holders (generators, load-serving entities), or by a third-party merchant
investor. The two operating DC merchant links in Australia appear to fall
into this category as do other proposed transmission lines linking different
countries or regions and often referred to as 'interconnectors.' While, as in
Australia, these links may have effects on power flows on the rest of the
network, including on parallel lines, they are physically separable projects
from a construction and maintenance perspective.
While the literature underlying the merchant investment model does not
distinguish between network deepening and network expansion investments
(and some proponents of the merchant investment model appear to conceive
it as applying to all network transmission investments) for the reasons
discussed above, we think that it is unlikely that a merchant model can or will
be applied successfully to network deepening investments. Accordingly, our
analysis proceeds under the assumption that the kinds of investments to
which the merchant model will apply are investment opportunities with the
attributes of network expansion investments (e.g., interconnectors) and we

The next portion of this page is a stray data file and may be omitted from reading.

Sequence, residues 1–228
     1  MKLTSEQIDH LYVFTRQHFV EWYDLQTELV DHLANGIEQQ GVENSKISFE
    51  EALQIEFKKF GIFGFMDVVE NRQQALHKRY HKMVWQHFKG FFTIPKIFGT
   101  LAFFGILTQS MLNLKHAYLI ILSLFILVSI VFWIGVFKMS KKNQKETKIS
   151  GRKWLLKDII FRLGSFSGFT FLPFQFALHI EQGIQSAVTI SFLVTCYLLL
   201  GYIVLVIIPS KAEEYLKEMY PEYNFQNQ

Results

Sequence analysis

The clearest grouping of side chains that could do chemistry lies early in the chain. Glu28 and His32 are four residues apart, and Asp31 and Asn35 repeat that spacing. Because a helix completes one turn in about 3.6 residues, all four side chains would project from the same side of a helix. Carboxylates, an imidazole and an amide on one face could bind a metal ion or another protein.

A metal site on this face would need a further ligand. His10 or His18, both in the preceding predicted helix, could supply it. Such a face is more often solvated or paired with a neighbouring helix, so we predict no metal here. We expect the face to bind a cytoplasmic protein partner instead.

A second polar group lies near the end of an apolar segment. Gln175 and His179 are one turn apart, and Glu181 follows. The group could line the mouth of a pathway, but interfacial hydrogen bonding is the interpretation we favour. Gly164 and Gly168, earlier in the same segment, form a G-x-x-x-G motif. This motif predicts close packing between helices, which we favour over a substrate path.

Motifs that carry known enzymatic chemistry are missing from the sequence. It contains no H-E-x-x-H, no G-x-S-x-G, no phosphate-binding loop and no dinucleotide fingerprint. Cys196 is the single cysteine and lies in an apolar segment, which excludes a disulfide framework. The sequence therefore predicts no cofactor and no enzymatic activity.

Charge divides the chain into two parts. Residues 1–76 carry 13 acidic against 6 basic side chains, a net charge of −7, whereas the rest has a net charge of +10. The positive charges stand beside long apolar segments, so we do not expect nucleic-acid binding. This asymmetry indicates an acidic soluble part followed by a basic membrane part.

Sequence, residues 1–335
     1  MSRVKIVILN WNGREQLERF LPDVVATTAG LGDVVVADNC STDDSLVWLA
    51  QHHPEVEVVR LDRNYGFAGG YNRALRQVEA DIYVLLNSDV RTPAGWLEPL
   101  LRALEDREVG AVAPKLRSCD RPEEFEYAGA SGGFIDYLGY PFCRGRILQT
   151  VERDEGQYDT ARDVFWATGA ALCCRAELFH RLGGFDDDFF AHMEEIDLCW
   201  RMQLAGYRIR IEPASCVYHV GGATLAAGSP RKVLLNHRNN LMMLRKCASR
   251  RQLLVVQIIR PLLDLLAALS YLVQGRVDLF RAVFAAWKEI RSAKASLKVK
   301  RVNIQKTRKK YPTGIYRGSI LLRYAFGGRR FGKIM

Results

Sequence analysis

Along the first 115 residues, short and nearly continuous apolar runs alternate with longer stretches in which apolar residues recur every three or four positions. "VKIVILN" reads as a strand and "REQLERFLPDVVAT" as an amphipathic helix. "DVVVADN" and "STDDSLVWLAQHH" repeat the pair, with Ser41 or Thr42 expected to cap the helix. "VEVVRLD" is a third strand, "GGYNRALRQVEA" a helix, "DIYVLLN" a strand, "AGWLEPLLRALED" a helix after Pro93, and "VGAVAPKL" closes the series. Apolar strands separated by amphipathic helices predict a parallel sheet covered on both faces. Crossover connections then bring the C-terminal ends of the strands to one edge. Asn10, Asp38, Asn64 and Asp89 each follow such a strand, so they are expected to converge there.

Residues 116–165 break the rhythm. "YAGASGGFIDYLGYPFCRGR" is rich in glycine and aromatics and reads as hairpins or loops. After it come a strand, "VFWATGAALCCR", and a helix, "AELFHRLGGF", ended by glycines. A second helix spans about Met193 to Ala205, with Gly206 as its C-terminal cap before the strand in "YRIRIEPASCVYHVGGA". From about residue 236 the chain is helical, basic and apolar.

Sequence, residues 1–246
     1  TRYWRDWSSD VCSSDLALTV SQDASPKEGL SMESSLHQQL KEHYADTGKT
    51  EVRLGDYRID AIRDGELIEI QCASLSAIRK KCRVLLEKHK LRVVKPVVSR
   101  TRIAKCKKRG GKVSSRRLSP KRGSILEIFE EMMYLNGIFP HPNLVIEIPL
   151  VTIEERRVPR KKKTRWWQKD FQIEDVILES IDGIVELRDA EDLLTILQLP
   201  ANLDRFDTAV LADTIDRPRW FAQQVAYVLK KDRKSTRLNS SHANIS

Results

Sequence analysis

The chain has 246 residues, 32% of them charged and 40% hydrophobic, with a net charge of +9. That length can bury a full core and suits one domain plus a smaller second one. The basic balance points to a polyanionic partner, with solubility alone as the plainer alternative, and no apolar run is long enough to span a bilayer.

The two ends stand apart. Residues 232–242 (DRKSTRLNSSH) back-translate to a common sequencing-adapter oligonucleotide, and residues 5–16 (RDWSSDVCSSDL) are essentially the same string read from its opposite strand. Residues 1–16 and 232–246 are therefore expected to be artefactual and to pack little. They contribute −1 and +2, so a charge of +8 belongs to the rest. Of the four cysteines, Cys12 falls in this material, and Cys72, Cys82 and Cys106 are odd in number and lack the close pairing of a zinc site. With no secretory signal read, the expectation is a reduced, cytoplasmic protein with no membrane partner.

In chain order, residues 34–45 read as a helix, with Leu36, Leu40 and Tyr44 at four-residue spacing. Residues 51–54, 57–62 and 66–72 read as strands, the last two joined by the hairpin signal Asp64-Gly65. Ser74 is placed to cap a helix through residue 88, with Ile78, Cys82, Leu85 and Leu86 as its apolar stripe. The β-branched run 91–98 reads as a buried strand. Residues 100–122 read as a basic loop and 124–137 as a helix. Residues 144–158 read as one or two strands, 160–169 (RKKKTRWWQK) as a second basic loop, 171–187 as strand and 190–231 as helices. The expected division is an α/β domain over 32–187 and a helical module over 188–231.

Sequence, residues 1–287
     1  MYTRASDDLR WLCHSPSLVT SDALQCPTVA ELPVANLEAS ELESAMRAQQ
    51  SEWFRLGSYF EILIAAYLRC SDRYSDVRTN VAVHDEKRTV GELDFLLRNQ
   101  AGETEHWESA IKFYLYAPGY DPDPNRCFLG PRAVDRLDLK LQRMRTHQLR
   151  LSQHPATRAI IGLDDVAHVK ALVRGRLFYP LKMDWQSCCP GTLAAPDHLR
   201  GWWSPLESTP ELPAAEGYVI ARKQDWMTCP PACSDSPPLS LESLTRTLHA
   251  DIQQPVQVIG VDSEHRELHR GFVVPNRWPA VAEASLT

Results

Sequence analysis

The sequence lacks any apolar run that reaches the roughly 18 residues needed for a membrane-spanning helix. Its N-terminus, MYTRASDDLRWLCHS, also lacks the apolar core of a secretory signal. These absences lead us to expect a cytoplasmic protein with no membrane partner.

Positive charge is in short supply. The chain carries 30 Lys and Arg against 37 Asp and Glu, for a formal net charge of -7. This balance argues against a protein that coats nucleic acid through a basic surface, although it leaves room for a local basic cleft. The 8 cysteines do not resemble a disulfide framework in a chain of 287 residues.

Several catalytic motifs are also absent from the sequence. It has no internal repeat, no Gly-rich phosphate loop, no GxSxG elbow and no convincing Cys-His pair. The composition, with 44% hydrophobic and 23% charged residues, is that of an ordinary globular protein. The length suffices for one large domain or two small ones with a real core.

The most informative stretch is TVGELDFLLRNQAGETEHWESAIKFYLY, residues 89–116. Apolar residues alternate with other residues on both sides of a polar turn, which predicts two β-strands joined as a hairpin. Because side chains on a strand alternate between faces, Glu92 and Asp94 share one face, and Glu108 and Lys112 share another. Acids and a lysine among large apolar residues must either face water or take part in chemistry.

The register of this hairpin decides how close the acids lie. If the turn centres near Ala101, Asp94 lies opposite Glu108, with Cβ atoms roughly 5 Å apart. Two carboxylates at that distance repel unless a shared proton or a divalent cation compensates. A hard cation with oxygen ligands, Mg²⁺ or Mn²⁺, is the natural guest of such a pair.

do not attempt to deal with the difficult contractual and incentive issues that
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would otherwise have to be confronted if network dee

were governed by a merchant investment model as wel


Let us start from the theoretical case for market driven or 'merchant'
transmission investment. This rationale has been developed, inter alia, b
Hogan [1992] and Wu et al. [1996], Chao and Peck [1996] and examine
further by Bushnell and Stoft [1996, 1997] for simple cases. The basic
argument is conveyed in the two-node framework of figure 1. [This pape
focuses on the two-node framework for expositional simplicity. See ou
discussion paper (Joskow-Tirole [2003]) for an analysis of transmission
investment when there are loop flows.]
Figure 1 depicts a simple situation in which load serving entities